After a great run at Google, Bryan Schreier joined Sequoia in 2008 to help build companies including Dropbox and Qualtrics from their early days. He’s played in bands since his childhood, and music continues to be the epicenter of his social and family life. Rumor has it he also backs up Drew Houston at the Sequoia Base Camp sing along each year.
Early in my career, I started to put everything I need to get done on checklists. I have a few of them in my “to-do” app. One lists the most important things I want to get done today, and another lists people I need to call. I set up my phone and browser tabs so I see the checklists before emails or texts.
I’ve also learned to listen. One quote you’ll hear around Sequoia is “We have two ears and one mouth so we can listen twice as much as we speak.” It’s one of Don Valentine’s favorites, and I try to practice it every day. If you’re in a meeting with me, you might notice I don’t talk very much, but it’s because I’m trying to empathize with you. Especially during a pitch. I’m lucky enough to hear founders’ stories almost every day, and there have been times when I went in assuming their business was about one thing, only to realize there’s a lot more below the surface. When I met with Zūm at the seed stage, for example, I went in to the meeting assuming it was Uber for kids. But what they’re really doing is reinventing child transportation and care in a way that saves schools a ton of money and students and families a ton of time, which enriches lives. If I hadn’t listened carefully in my first few meetings with them, I’d have missed the point.
Founders often ask me how to design their next round—who should they let invest, and how much? These days, every venture capitalist calls themself a company-builder, so it really comes down to two things: how much impact the investor and their platform can make, and how important your company will be to them. You need to make sure you’ll be at the top of their list, especially if they make a high volume of investments or have other responsibilities and funds.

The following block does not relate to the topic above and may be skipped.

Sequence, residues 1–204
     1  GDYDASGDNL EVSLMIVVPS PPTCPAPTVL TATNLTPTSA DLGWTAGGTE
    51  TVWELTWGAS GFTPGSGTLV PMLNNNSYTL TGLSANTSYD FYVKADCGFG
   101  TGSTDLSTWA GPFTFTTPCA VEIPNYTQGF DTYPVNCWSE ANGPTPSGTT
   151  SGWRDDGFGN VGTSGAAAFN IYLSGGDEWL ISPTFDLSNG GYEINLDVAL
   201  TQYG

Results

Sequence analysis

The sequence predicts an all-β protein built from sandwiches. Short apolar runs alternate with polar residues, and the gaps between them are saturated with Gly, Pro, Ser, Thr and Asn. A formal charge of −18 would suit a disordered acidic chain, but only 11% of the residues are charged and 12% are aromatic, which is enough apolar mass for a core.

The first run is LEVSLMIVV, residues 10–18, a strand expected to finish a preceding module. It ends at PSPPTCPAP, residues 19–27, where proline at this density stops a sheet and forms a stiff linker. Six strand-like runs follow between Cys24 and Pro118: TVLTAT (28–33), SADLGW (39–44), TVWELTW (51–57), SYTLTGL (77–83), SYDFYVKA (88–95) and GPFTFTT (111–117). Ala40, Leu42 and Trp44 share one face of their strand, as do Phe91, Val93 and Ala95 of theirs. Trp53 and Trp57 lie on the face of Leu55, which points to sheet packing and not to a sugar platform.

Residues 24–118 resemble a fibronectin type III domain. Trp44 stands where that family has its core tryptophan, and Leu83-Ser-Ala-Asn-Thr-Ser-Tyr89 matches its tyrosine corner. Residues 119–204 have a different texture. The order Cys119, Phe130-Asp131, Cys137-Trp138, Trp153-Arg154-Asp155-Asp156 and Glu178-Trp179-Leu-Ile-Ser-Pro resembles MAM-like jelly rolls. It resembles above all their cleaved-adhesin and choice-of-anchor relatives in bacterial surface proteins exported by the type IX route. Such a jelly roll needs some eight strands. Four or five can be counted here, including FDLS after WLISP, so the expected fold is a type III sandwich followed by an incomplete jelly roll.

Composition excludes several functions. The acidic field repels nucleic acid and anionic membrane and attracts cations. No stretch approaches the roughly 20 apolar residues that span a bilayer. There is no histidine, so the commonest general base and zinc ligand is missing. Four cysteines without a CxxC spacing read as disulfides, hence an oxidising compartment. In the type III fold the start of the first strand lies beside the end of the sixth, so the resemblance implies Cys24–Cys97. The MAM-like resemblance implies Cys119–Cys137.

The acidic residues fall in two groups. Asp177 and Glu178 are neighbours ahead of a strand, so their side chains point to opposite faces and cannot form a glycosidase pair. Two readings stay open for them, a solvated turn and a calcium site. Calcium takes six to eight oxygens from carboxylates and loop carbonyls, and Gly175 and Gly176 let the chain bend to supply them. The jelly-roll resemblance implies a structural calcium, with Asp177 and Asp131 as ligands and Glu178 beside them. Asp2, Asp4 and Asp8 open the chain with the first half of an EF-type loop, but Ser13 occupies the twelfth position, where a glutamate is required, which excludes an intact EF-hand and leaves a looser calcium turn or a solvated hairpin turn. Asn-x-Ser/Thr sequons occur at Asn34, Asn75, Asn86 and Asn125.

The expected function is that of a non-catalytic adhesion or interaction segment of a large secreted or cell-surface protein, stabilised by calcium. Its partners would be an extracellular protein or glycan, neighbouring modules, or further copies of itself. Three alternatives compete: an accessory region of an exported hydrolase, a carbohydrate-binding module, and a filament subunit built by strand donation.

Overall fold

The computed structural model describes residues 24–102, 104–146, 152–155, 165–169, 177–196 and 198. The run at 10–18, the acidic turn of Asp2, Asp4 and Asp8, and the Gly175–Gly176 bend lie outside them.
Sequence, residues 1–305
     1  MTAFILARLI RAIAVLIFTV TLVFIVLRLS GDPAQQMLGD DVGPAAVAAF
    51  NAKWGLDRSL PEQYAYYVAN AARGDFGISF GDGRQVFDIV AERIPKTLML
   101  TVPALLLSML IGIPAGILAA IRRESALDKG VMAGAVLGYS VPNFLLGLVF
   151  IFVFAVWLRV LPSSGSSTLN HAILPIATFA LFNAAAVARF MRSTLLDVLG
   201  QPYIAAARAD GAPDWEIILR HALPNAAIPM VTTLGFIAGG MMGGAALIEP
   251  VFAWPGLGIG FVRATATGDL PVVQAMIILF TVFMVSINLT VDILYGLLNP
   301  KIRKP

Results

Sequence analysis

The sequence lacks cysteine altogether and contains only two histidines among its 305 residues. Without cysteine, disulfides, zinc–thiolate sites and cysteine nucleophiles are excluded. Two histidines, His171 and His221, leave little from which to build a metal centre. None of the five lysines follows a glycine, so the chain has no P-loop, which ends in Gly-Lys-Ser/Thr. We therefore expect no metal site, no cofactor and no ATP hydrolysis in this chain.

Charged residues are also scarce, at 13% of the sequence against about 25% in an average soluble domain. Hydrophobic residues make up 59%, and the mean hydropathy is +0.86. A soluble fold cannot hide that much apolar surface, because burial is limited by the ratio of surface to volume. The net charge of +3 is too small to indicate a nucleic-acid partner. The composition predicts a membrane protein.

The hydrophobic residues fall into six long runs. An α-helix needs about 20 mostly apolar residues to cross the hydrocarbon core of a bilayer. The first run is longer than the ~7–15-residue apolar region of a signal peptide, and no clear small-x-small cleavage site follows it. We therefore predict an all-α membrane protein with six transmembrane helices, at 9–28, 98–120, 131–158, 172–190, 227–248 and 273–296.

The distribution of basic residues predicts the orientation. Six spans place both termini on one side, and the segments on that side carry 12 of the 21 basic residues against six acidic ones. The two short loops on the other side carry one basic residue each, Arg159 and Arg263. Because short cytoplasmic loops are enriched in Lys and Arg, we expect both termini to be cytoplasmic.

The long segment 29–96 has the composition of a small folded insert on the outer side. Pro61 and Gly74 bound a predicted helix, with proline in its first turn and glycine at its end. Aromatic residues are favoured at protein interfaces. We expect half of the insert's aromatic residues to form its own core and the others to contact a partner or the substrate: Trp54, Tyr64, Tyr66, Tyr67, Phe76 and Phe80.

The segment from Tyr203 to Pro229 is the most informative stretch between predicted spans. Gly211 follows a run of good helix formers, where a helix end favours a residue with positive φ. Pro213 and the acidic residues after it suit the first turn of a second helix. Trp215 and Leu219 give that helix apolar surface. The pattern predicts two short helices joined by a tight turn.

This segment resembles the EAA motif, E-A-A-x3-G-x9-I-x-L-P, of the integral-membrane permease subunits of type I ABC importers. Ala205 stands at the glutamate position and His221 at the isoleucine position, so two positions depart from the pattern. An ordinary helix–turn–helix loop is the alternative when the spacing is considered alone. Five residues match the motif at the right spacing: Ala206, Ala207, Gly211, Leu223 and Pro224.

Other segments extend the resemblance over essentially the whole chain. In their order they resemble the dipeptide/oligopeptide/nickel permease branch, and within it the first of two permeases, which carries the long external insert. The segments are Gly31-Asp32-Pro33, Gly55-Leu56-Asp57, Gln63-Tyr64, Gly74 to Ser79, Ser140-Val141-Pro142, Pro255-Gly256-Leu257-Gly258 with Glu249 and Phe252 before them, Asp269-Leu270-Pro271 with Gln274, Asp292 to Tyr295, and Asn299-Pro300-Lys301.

Imagine you have two offers for $100,000, both from good people. One writes ten $500,000 checks for new partnerships every year, and the other writes two $50,000 checks. If you take the first offer, you’ll probably be a lower priority on that person’s list. You just handed over your shares, and good luck getting the time and help you need from them. You should take the second one, because that’s the person who will be focused on making you successful. Sequoia only makes a handful of new investments each year for that reason—why invest the money if we’re not going to help the company succeed?
I’ve made it my default assumption that people can be trusted to do the right thing. That’s how I operated at Google, because we all took the “Don’t be evil” motto seriously. But when I left, I didn’t assume that would be true elsewhere, and I think I defaulted to waiting for people to earn my trust. But after a few years at Sequoia, I realized most of Silicon Valley does want to do the right thing. They collaborate. They share their ideas and talk about what’s working and isn’t working, even with their competitors.